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# An Explanation of Multiplication (*) and how it relates to Time, deltaTime and framerate independent motion

Why do you use multiplication in scripting, and how does it work? For instance, if you want to change frame-rate to seconds or something, why would you use the * symbol? Like this:

`var speed = 5;`

```
```

function Update () {
transform.Translate (0,0,speed * Time.time);
}

From what I understand, that changes `translate`

from frame-rate dependency to being time based, but how does it work? Is the * sign, not, like I think it is, actual multiplication, but a sort of 'translate' function?

**Answer** by duck
·
Apr 07, 2010 at 03:07 PM

No, it really is just basic multiplication. I have a feeling that in your example what you really meant to put is **Time. deltaTime** rather than

**Time.time**.

This is because the value of Time.time increases linearly throughout the course of your playback - counting the seconds elapsed since the playback started, whereas Time.deltaTime gives you a value which is equal to the amount of time elapsed since the last frame.

If your game is running at a steady framerate, the value of Time.deltaTime will maintain a steady value, and it will only increase or decrease in value proportionally to the variations in the framerate that your game is achieving.

So, taking your example *(but using deltaTime)*, and assuming the game is running at, say, around 60 frames per second, the value for deltaTime would be around 0.01666.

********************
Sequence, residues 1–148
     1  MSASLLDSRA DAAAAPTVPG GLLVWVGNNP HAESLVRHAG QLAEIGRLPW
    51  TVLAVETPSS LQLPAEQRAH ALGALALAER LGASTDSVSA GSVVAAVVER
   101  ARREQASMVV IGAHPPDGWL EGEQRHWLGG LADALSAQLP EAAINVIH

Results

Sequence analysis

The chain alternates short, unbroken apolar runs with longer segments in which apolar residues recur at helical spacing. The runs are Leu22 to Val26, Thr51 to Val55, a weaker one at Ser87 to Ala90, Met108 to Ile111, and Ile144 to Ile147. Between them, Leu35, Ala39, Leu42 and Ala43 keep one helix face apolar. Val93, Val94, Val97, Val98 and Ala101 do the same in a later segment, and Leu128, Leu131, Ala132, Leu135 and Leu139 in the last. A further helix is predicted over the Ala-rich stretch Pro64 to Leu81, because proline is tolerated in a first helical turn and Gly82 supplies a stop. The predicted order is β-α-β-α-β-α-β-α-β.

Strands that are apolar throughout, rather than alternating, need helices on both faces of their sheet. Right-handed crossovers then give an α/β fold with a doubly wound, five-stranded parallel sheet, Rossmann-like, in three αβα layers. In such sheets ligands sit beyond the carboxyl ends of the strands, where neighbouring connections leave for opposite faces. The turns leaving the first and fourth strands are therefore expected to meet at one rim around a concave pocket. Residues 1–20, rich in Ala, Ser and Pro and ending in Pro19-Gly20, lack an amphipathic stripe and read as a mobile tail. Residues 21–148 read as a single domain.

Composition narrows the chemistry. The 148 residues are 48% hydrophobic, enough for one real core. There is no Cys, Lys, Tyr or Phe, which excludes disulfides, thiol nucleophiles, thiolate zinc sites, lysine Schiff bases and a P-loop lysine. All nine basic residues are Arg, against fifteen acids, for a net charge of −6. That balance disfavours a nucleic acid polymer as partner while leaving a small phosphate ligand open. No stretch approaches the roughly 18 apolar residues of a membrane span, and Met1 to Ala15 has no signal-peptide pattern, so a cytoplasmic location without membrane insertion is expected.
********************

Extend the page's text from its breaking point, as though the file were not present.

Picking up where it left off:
This means the object is moved a distance of ( 5 x 0.01666 ) units each frame, and if this happens 60 times a second, it will end up moving 5 units each second.

If the framerate dropped to 20 frames per second, the value of deltaTime would *rise* to 0.05 (because more time elapses between frames), and you'd end up with the object moving a distance of ( 5 x 0.05 ) units each frame, but because this is now happening only 20 times a second, it still ends up moving 5 units per second.

This is why multiplying your speed by the ** deltaTime** value gives you framerate independent code.

Sigh, again @Duck beats me to the post :) Fortunately I checked before posting mine. Good Answer, though. +1

@Duck Oh, I see. Thanks a lot. What about other uses for *? Are they all really multiplication? I see it all over the place. For instance, when you use it in addForce. Noob question, I know, but there are just some things I need to know, no matter what the cost.

Yes, with force it is just multiplication too, although often it's multiplying a *Vector3*, which means you are essentially altering the length of a vector.

@Duck Thanks again... This logic is somewhat hard for me to grasp.

The only time it gets particularly "hairy" is when it comes to multiplying rotations together - then it leaves the realm of normal multiplication and becomes something different. This is why, in the Quaternion documentation, there's a special page on the * operator describing its behaviour! :-) http://unity3d.com/support/documentation/ScriptReference/Quaternion-operator_multiply.html

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